|• Total||91 km2 (35 sq mi)|
|Elevation||476 m (1,562 ft)|
|• Seongnam||South Korea|
Namangan (Uzbek: Namangan / Наманган; Russian: Наманган) is the second-largest city in Uzbekistan (2011 pop. 449,200). It is the capital of Namangan Province, in the northern edge of Fergana Valley of north-eastern Uzbekistan.
Namangan is about 300 km east of Tashkent, about 65 km west of Andijan, and about 75 km north of Fergana. It is located 1561 feet (476 meters) above sea level. The Qoradaryo and Naryn Rivers join together to form the Syr Darya just outside the southern edge of the city.
The city takes its name from the local salt mines (in Persian: نمککان namak kan).. Namangan, like other cities in the Fergana valley, was originally populated by the Sogdian people, later becoming a Persian/Tajik speaking city. The influx of the Turkic people into the region starting in late medieval times led to gradual turkification of the region and the city. However, until the middle of the 19th century, Namangan still had a Tajik majority. Today, the city is an Uzbek/Turkic speaking city, albeit with a large Persian speaking Tajik minority. To the immediate north of the city, in the valleys of Kasansai and the ancient town of Akhsikat/Akhsikath/Akhsi, the population is still Tajik and Persian speaking. In fact, Akhsikat is the most northerly Persian speaking town in the world. The rise of Namangan was due primarily to the hard earthquake that largely destroyed Akhsikat, leading to its surviving population moving down river to Namangan.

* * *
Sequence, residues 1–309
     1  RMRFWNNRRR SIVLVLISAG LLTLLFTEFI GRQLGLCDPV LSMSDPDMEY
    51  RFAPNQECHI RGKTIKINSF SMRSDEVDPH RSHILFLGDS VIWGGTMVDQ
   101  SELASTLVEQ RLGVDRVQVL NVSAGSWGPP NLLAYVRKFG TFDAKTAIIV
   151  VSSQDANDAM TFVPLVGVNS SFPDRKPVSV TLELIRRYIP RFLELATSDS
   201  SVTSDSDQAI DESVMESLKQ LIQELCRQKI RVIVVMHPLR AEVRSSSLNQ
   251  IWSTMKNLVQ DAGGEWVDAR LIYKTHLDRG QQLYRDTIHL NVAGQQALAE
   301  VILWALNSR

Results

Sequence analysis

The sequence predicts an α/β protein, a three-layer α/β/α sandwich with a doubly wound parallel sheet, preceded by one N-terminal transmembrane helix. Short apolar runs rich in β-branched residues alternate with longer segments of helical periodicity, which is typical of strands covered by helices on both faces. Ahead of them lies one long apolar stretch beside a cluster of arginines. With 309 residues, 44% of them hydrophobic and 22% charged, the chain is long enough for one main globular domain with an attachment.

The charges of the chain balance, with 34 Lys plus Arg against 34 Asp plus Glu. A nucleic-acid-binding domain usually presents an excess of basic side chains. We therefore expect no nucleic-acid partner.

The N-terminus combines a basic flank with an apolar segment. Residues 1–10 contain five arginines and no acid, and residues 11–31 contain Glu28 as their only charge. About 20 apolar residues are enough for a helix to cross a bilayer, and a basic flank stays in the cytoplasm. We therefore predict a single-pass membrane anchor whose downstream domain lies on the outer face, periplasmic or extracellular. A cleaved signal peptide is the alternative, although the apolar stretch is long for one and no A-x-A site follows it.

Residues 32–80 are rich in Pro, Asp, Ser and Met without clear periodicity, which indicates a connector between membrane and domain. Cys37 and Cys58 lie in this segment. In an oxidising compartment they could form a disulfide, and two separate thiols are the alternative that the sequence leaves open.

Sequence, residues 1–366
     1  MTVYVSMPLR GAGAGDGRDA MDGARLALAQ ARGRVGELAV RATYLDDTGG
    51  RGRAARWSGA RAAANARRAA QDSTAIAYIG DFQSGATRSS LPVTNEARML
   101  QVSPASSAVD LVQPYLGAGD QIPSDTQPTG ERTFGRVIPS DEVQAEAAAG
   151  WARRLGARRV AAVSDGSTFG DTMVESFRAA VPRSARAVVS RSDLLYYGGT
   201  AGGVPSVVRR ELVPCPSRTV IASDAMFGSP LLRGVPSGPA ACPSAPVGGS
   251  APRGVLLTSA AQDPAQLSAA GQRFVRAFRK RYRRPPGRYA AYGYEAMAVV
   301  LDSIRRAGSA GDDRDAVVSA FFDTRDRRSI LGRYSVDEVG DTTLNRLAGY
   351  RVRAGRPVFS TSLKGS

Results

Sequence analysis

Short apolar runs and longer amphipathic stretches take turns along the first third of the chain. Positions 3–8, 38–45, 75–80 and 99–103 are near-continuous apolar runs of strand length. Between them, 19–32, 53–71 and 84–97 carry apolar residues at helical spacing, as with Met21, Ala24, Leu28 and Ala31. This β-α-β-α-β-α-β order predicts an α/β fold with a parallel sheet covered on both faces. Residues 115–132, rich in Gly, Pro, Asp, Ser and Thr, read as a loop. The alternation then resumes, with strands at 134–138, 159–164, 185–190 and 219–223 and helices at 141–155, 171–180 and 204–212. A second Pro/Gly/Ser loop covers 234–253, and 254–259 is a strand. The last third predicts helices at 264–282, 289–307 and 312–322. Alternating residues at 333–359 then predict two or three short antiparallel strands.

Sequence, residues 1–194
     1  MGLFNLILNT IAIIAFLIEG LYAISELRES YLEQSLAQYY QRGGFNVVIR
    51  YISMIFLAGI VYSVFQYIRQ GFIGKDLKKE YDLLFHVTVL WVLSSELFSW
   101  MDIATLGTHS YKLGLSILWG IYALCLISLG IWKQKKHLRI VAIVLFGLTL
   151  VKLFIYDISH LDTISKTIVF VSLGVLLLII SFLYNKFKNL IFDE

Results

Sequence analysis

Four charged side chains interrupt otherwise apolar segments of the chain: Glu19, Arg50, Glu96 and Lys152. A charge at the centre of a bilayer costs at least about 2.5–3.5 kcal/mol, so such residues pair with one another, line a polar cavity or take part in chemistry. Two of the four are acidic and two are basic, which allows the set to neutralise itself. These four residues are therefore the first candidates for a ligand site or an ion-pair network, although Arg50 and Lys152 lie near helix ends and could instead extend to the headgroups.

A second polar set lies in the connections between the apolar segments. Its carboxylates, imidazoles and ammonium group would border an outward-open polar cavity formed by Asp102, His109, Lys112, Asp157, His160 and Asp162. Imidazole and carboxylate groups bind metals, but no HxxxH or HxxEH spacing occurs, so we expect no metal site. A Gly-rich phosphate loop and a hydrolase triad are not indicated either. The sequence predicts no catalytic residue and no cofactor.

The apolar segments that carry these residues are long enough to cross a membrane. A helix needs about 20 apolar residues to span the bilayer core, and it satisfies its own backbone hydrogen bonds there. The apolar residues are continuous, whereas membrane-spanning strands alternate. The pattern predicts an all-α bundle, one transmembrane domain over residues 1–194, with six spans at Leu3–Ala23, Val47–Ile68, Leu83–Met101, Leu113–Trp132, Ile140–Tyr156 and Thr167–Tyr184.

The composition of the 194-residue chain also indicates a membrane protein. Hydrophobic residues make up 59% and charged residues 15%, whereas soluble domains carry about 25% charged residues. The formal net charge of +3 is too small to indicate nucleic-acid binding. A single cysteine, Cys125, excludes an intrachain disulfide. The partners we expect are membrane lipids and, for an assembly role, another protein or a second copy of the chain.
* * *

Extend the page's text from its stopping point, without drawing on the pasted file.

Politically, Namangan became a part of the Uyghur Empire of the Karakhanid State and was known to have been a settlement in the 15th century. On the eve of the Russian invasion in 1867, the town was a part of the Khanate of Kokand since the middle of the 18th century. At the time of the Russian occupation, Namangan was a center of Islamic learning, with 20 madrassahs and over 600 mosques. After annexation by the Russians in 1867, cotton production and food processing became the dominant economic activity. Namangan was hit by a destructive earthquake in 1926. The primary language of the people of the Namangan region is Uzbek; Tajik is dominant particularly in Chust, Akhsikat and Kasan-sai districts.
Since Uzbekistan's independence in 1991, Namangan has gained a reputation for Islamic revivalism, with many mosques and schools funded by charity organizations from Middle Eastern countries, including the conservative Wahhabi sect from Saudi Arabia. This has also translated into political opposition against the secular government of Uzbekistan. Some women have discarded traditional colorful scarves for large white veils or even the black paranja.
Higher education in Namangan
There are three higher education institutions in Namangan city - Namangan State University, Namangan Engineering Pedagogical Institute, and Namangan Engineering Technological Institute. Namangan State University is the largest, oldest and highest ranked of the three within the country.
Main tourist sites
- Mullo Kyrgyz Madrasseh – built in 1910
- Mosque of Ota Valikhan Tur – built in 1915, and one of the largest in Central Asia; now home to local branch of the Wahabi sect
- Namangan Natural History Museum – housing local archaeological discoveries
- Hadja Amin Kabri Architectural Complex – ornate terra-cotta facade from the 18th to 19th century
- Akhsykent ruins – 1st century settlement 25 km west of Namangan, on the Syr-Darya River. Formerly capital of Fergana Valley, it was destroyed by the Mongols, rebuilt by the Timurids and abandoned in the 17th century for Namangan after an earthquake.
|This article does not cite any references or sources. (October 2012)|